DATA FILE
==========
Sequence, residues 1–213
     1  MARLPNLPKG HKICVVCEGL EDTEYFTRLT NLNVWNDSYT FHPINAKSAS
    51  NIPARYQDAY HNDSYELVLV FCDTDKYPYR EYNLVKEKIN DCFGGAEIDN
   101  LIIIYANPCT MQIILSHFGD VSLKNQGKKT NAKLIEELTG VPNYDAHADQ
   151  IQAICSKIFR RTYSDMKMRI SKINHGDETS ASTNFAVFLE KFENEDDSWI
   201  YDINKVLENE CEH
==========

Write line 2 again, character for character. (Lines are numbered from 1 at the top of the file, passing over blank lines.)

     1  MARLPNLPKG HKICVVCEGL EDTEYFTRLT NLNVWNDSYT FHPINAKSAS